The provision of the baiile assembly tends to destroy the jetting eiect of the flow from the passage IIJ as it discharges into the area or passage 26. This gives a relatively free upfiow area at 23 and 21.

Figs. land 2 show a tail pipe 30 as being disposed in the tubing and of such a length that its lower end 3| is spaced in the separation chamber 2 6 below the bottom oi the tubing 2 and baille assembly I5. The lower end 3| is open and leads upwardly into the pump chamber 32 inside of the tubing 2 above the coupling 33. This tail pipe may be supported on a seat and seal 34 of the conventional type and may have at its upper end the standing valve 35 if desired therein.

This tail pipe 30 with the inside of the tubing 2 defines the gas escape passage 25 heretofore mentioned and Fig. 1 showsa plurality of outlets 36 for 'the gas from this gas passage 25 so that the gas may move outwardly from chamber 26 and openings 21 and 23 and passage 25 into the well bore or casing. It is understood that the gas moves into the casing and can be permitted to escape at the well head and is generally known as caslnghead gas.

aration of the gas as possible,

casacca Duc to the reciprocation ci the pump in the pump chamber 62,' it seems clear'that there will be a downward suction or pull on the material entering the chambers I6 and 26 and an upward suction or pull on the fluid thru the tail pipe 30 as indicated by the arrows Il lThis iiow of iluid from the formation to the pump obtains a complete reversal in direction of the ilow from that downwardly in the chambers l and 26 when it moves into the tail pipe 36 so that the ilow reverses its Adirection from 'va rticallyfdownward to vertically upward in passing'around the lower end 3l of the tail pipe. iThis reversal of the direction of ilowtends to, throw? out any solidl matter into the mud anchor 6 which may have been carried along with the liquid. -'ll'his solids accumulating anchor chamber'is equipped with a threaded bull plug connection it may be parted to clean out and inspect the chamber.

It seem obvious that with the construction of the complete assembly-just described there will:

be an initial gas, cil and solids separating chamber as the material 'moves into and down thru passage I0. It is definitely apparent that a great part of the gas which 'enters the openings 9 with the fluid and solids will not proceed in a vertically downward direction in passage I0 because of the specific gravity 'of the gas; but instead will move vertically upward yimmediately vafter entering openings 9 into the gas passage or area il and out through openings Il back yinto the well bore at a distance above theinlet' openings` 9. This .gas leavingthe assembly-.thru openings Ilv will continue vertically upward in the well bore and escape at the surface from the casing and is generally known as casinghead gas. s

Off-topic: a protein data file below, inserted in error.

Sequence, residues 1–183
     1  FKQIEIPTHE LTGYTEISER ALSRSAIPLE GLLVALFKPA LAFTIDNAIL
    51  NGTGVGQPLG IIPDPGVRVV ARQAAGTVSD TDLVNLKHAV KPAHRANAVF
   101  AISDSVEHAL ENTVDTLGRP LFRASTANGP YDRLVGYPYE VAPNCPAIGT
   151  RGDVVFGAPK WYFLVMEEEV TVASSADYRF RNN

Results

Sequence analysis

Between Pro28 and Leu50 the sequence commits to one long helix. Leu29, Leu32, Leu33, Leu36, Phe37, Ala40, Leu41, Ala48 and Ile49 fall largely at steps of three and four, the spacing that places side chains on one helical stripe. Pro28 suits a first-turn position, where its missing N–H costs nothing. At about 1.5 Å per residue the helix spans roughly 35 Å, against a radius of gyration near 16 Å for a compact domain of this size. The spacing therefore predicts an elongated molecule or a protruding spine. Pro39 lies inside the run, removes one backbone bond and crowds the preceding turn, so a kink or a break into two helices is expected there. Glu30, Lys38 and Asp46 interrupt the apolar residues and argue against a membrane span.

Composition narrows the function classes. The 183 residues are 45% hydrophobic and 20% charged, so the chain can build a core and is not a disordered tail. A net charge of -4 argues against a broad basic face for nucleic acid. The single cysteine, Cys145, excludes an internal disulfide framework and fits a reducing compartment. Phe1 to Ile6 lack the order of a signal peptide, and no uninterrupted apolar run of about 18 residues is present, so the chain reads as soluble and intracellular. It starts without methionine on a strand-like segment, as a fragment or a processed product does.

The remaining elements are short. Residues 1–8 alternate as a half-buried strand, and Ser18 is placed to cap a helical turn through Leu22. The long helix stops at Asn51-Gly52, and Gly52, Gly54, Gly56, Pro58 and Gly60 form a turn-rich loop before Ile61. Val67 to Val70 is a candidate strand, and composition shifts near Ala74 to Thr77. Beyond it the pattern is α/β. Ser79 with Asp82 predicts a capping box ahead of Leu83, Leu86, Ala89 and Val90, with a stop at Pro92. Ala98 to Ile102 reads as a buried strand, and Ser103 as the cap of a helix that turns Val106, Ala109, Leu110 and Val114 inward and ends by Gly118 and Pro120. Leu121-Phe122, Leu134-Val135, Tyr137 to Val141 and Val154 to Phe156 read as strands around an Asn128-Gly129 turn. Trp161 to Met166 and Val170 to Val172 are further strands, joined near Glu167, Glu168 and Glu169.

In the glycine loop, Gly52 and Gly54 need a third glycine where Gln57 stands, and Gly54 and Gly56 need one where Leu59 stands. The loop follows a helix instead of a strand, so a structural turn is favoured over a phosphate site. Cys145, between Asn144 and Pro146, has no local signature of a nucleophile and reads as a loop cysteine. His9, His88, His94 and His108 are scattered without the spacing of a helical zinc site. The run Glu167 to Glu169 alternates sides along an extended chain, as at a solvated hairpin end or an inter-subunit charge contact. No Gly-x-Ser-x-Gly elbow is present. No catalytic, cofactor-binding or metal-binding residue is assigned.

There will thus be a deilnite velocity of flow in y the passage I0 and as the material reaches the barile structure I5, agitation of the material is order to eiect as much sepfrom. the liquids and solids greatly increased -in As the material continuesto move vertically downward thru passagel 26'. a different velocity example will be on bottom so that through this passage the area isvconsidered, and

of flow is obtained which is considerably reduced y as compared with the velocity of flow that obtained' while this same -material moved downward thru the above passage i6. This further marked reduction in velocity of iow obtained by the material as same enters and moves down thru passage 26 causes an additional quantity of the gas to separate from lthe liquid and solids and such gas will `discontinue its downward direction of flow after enteringpassage 26 and because of the specific gravity of the gas in conjunction with -further retarded downward velocityof iiow of the material,the gas will move 23 and into gas passage 26 and out of the gas outlet opening 36 at the-upper part of passage 25.

In all there are two maior and pronounced progressive passages in the reduction of the velocity of flow of the material which reduction in velocity of iiow occurs progressively ilrst in the passage l0 and then in the passage 26 as the material moves thru the assembly from the forma.- tion into the pump. There are also two progressive stages of separating the gas from the liquid and solids while moving downward thru each of the two above mentioned passages l0 and 26 respectively.

The baille assembly i6 is so designed and the inlet of the gas thru spaces 21 fand 23 into the gas passage 25 is of such design that the addi vertically upward thru passage 21 and passage tional gas separating from the liquids and solids through baille i6 and passage 26 will permit this gas to enter passage 26 while moving vertically upward with a minimum amount of interference and co-mingling of the liquids and solids moving vertically downward thru passage 26into the pump. This feature greatly aids in obtaining a complete separation o f the gas from the liquids and solids moving vertically downward thru passage 26. y

As an illustration, and not a limitation, an given where the flow is, say, 500 bbls. per day of materialirom the formation. With a ilow of this sort, and the housing 3, having an inside diameter of 4.026 inches and the outside diameterof the tubing 2 being 2.875

inches, there would be an annular space between the two which constitutes the passages I0 and Il'. This area would be an annulus having an area'of 0.0431 square foot. Presuming that the flow is 500 barrels per 24-hour day, the flow would be 0.0325 cubic foot per second. When the volume of flow, locity in the passage second.